Stunningly shot in black and white, Pawel Pawlikowski’s Ida leads us on a meaningful road trip into a dark night of the Holocaust, Catholicism, and jazz.
Knife In The Water by Mark Wilshin
CAUTION: Here be spoilers
Taking a sharp turn away from the more mainstream ambitions of his previous film The Woman In The Fifth (with the ever bankable Kristin Scott Thomas and Ethan Hawke), Pawel Pawlikowski returns to his Polish roots with his first ever Polish language film Ida. Set in the Sixties and filmed in black and white, it’s a road movie with a difference as a young noviciate and her socialist aunt try to trace the fate of her Jewish parents during the Second World War. But with glimmers of young love, euro-pop-rock and an emerging identity, Ida finds trouble lurking beneath the surface of the dreams of a young life.
Anna (Agata Trzebuchowska) is a young noviciate, who having grown up in a Catholic orphanage has decided to take her vows to become a nun. But before she does, she is contacted by her only living relative, Aunt Wanda (Agata Kulesza). She takes a leave of absence from the convent to visit her, and after Wanda tells Anna that her real name is Ida, and she was born a Jew, the two women head out of Warsaw into the countryside to visit the family home they once lived in and retrace her parents’ final steps. Along the way they meet collaborators, resistants and hitchhiking jazz saxophonist Lis (Dawid Ogrodnik). But even seduced by jazz, cocktail dresses, judaism and socialism, Anna/Ida just can’t seem to kick the habit.
Beautifully monochrome, Pawlikowski’s Ida is above all a visual delight. From the murky greys that build out of the Polish fog that the two women drive into, to the bright white of snow and the dark black of night, it’s a cold, cold world they inhabit. A world where everyone is alone, cut off from each other and responsible for their own future. Even inside, in Aunt Wanda’s affluent Warsaw pad, or in an underground jazz bar, the cool remains palpable. But perhaps most fascinating is cinematographer Ryszard Lenczewski’s use of framing, positioning Pawlikowski’s characters at the bottom of the screen, with the weight of the world on their tender shoulders – not only their own futures, but the country’s too.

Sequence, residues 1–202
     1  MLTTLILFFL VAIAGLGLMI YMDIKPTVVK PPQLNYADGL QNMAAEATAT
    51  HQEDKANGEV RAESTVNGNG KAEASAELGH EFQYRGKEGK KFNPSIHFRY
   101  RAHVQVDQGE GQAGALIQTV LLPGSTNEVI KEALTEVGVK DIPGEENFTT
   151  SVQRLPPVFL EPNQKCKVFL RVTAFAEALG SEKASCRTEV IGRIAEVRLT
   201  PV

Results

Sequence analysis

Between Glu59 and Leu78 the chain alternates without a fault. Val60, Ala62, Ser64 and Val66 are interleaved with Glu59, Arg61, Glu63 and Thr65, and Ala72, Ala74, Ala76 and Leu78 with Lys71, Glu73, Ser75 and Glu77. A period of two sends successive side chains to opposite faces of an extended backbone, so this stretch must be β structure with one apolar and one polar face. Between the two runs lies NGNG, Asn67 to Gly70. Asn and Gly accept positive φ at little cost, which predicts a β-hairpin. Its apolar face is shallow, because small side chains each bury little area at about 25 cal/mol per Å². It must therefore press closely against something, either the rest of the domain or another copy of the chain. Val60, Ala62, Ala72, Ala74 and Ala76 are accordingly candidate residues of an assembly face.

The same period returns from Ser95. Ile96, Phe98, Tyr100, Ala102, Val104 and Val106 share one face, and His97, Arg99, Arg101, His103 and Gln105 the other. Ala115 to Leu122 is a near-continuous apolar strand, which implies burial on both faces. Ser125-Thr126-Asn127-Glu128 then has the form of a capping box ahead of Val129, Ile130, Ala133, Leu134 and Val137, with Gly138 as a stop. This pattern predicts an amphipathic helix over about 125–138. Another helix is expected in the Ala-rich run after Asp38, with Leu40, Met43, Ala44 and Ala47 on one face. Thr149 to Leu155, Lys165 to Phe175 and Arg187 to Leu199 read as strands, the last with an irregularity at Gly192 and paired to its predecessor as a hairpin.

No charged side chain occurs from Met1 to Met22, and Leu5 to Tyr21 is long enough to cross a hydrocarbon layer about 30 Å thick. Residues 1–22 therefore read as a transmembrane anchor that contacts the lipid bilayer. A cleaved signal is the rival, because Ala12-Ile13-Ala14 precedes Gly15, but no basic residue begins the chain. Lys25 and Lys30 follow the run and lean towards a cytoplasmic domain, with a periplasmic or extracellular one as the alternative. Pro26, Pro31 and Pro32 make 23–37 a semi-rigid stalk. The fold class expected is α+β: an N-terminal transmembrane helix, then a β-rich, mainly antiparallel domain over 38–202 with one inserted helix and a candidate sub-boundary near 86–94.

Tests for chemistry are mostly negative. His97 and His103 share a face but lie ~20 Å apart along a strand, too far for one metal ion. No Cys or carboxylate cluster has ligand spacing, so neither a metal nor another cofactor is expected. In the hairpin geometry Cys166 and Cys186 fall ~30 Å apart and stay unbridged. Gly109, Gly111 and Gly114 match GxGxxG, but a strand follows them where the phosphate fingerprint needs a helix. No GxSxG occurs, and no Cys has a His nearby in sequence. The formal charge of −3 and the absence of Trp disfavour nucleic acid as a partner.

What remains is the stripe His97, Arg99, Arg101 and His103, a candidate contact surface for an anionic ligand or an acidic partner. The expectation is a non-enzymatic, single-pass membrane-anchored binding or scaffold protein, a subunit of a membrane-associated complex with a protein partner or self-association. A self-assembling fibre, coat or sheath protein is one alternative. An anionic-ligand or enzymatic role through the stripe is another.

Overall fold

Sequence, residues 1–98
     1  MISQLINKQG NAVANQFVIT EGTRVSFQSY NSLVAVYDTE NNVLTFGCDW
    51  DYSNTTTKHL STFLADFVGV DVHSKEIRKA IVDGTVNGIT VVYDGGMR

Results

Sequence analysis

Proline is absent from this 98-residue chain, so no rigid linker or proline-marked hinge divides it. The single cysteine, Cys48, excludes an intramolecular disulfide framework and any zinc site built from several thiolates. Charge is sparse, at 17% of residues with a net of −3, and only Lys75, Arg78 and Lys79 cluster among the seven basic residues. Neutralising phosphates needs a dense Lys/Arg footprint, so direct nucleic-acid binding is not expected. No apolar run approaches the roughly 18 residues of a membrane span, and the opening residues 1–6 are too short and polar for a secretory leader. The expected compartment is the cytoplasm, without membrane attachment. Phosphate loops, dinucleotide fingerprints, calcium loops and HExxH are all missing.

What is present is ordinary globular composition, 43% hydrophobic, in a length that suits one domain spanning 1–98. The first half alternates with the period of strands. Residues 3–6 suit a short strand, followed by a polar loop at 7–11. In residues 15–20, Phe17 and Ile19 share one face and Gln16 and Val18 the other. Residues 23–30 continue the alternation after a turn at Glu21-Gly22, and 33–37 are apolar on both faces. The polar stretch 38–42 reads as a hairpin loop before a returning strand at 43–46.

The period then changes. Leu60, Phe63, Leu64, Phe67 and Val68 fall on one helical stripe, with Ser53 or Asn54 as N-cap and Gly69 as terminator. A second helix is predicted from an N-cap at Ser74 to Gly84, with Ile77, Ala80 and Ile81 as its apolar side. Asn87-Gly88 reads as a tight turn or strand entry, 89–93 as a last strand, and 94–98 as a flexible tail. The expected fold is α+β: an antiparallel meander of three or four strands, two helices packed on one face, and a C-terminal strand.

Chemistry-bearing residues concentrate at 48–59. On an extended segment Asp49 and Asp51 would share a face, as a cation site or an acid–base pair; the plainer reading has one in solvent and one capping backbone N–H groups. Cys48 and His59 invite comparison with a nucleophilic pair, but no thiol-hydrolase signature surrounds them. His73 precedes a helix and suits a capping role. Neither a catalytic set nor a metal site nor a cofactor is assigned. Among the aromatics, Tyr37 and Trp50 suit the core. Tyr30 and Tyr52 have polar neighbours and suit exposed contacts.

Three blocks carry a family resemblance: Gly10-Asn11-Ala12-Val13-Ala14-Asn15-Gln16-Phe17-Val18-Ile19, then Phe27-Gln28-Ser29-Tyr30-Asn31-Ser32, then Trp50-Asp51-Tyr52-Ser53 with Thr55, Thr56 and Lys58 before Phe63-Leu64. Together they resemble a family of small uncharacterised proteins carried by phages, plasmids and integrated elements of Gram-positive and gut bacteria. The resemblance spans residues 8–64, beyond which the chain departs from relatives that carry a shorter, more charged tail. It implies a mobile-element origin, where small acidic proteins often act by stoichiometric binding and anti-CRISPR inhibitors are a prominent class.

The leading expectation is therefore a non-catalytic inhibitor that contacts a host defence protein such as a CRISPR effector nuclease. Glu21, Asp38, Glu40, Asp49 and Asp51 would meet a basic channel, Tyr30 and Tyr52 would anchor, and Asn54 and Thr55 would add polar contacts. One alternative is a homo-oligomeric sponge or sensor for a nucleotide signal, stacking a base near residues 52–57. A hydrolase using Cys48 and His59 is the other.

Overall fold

Ida starts magnificently – a touching road trip embarked on by an unlikely pair, as the urbane, jazz-listening and vodka-swilling aunt, who was once a powerful and important state prosecutor but has since been demoted to community magistrate, accompanied by her innocent and well-respected noviciate niece, undertake a journey into Poland’s past, uncovering awkward tensions between collaborators and resistants, Catholics and Jews. They make for an odd couple – at times familial, at others distant. Sometimes simply room-mates. For the war and socialism seem to have rent a hole in Polish relationships, creating a nation of individuals, communities divided – much like aunt and niece – by age, politics and religion.
Just as the two women lose their desire to see the journey through, so too does Pawlikowski’s film lose its way. Despite a devastating and shocking scene in which Wanda jumps out the window, no longer able to bear her life or the quest she’s on, Ida’s journey to discover her identity seems tonally at odds with its premise of a road movie uncovering the Holocaust’s legacy. But as Anna/Ida takes on her aunt’s persona – playing her records and wearing her cocktail dress to a jazz club, Ida develops nevertheless into a captivating cul-de-sac of jazz, Sixties pop, tender romance and self-exploration. Leaving behind a closeted existence of faith and Catholic asceticism for a new life filled with family, history, love, music and pleasure, Ida embraces it all with an impassive, wide-eyed silence. Perhaps it’s a symbolic break from the past in all its forms – whether Catholic or Jewish, Anna or Ida. Or maybe, as she walks bravely into a brand new world, it’s just a leap of faith.
Ida is released on 26th September 2014 in the UK